1. Colleague Support Center (860.972.2400). Available 24/7, this line addresses emotional support and such practical needs as childcare, housing and financial help though the Colleague Assistance Fund.

“The needs of our colleagues inform what the Support Center provides,” explained Vice President and Chief Wellness Officer Dr. Sharon Kiely.

2. Health and wellness intranet resource page containing tips, tools, strategies and resources for mind, body and spirit.


3. Peer support. HHC launched a Physician and Advanced Practitioner Peer Support Program in October 2019 to encourage providers to reach out to each other for support and reduce the stigma surrounding mental health. In August 2020, efforts expanded with Nursing Peer Support. More than 40 nursing leaders and

65 nurses were initially trained through this effort, which the Wellness Department hopes to expand to all colleagues in 2021.

4. Support tools.Wellness champions identified needs in the colleague engagement survey and day-to-day huddle conversations to create tools. The End of Day Checklist, for example, helps colleagues decompress when leaving work.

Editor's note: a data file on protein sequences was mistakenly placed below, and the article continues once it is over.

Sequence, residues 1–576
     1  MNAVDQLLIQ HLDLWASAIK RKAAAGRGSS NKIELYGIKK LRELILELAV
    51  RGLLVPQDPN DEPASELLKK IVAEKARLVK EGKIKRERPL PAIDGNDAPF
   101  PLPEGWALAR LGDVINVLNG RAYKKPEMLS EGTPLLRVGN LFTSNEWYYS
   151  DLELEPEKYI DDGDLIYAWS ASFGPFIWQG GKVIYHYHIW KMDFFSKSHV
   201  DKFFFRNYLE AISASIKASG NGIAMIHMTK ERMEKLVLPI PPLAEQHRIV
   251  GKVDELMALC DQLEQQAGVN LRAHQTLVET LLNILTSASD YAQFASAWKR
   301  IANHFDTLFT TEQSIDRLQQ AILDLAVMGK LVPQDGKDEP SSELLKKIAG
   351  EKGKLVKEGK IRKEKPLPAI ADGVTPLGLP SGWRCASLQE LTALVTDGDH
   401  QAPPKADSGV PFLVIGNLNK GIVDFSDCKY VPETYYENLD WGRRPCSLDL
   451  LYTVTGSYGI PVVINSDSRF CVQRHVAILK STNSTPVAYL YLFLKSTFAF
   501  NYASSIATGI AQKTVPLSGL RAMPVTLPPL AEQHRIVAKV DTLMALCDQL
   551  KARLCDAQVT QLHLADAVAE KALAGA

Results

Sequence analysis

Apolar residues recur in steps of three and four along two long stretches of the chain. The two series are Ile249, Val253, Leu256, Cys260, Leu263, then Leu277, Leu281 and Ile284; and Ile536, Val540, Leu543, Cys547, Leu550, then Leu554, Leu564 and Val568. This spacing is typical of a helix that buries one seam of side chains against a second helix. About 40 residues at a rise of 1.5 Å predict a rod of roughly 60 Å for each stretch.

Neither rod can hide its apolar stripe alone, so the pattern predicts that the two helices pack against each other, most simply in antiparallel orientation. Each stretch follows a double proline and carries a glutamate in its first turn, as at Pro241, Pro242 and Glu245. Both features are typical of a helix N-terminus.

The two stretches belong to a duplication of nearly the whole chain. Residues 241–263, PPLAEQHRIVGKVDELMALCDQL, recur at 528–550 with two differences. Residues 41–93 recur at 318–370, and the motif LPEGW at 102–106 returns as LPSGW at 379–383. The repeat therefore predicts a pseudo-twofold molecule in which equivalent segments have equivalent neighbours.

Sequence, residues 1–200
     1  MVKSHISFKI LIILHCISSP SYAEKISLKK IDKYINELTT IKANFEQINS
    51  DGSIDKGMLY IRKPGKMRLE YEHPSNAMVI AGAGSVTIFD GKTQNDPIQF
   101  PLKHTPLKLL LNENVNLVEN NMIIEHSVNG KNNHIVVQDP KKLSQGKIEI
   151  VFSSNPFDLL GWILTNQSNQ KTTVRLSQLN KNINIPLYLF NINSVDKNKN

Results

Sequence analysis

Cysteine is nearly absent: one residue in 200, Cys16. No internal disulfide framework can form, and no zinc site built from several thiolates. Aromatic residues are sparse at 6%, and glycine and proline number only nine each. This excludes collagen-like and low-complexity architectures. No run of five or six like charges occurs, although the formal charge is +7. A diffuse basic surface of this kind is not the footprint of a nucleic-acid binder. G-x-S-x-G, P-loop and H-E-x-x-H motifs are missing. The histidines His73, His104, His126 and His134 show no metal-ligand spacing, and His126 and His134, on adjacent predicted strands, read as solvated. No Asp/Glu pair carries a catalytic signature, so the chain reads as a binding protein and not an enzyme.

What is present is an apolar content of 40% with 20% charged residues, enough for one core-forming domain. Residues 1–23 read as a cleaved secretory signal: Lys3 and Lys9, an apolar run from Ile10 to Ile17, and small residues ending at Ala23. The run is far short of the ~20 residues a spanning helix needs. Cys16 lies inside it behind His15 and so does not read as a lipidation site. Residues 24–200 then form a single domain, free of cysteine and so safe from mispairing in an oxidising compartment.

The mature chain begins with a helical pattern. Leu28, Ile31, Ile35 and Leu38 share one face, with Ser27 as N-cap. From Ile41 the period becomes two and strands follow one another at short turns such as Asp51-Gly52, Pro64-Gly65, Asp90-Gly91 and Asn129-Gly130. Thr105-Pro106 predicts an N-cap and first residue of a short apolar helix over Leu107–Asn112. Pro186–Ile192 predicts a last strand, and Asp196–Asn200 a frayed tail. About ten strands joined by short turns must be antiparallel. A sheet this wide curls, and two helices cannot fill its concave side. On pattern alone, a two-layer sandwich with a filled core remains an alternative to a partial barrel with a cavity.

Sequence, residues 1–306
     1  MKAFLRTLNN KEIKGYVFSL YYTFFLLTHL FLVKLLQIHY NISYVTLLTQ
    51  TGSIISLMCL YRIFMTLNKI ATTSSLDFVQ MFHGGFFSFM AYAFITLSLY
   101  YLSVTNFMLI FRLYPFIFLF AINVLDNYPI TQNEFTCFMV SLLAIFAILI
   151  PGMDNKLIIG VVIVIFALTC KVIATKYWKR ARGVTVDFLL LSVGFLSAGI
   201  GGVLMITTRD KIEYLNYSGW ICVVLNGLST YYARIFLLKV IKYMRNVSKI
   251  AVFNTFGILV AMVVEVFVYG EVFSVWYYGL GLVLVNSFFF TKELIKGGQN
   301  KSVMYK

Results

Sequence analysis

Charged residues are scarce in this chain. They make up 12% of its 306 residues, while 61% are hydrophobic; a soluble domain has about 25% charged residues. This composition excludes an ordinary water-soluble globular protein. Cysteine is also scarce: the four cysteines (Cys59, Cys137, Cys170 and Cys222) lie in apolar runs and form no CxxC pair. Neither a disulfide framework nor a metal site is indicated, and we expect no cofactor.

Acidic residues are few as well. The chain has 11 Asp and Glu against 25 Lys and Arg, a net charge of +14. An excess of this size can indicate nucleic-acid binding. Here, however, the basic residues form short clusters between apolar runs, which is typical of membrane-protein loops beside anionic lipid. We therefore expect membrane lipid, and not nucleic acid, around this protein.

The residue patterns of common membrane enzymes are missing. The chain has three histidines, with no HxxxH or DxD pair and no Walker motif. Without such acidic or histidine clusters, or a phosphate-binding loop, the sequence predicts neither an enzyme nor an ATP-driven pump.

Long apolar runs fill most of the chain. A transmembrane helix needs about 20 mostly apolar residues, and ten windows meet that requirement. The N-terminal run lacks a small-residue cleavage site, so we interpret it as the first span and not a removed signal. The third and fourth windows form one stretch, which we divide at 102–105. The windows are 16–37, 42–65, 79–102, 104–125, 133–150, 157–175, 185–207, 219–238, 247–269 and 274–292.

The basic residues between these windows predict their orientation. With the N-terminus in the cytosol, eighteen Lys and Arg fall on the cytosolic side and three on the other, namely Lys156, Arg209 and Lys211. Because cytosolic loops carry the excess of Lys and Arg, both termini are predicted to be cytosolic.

5. WellnessResiliencypilot.Thispilottrains leaders in personal and organizational resilience based on the tenets of psychological first aid. The four-hour training is available to anyone on HealthStream.

“The goal is to drive empathy and listening skills, framed in our H3W behaviors,” Dr. Kiely said. “You can’t be in the moment if you yourself are hanging on for dear life.”

Kelli Odenwaelder — a 23-year nurse and clinical manager of maternity at Charlotte Hungerford Hospital, one pilot site — welcomes the culture change.

She reaches out to three colleagues weekly, ask- ing how they’re doing. Other efforts – a weight loss challenge and resilience journaling – came from her team.

“It’s awesome for me as a manager. It’s opened my eyes to someone’s needs. They’re juggling so much with work, childcare, distance learning. We talk about these things every day at huddle,” Odenwaelder said, adding that happy staff translates into improved patient care.

6. Consultation. Help is available to leaders having trouble at work or personally.

7. Wellness Wednesday webinars. Addressing such topics as nutrition, exercise and stress relief, these are free to colleagues. Virtual concerts demonstrate the soothing power of music. At
the height of the pandemic, webinars ran three times a week. All are available at any time on the intranet.

8. SocialMedia #SelfcareSundays. These bring reminders, tips and tools for colleagues to practice self-care.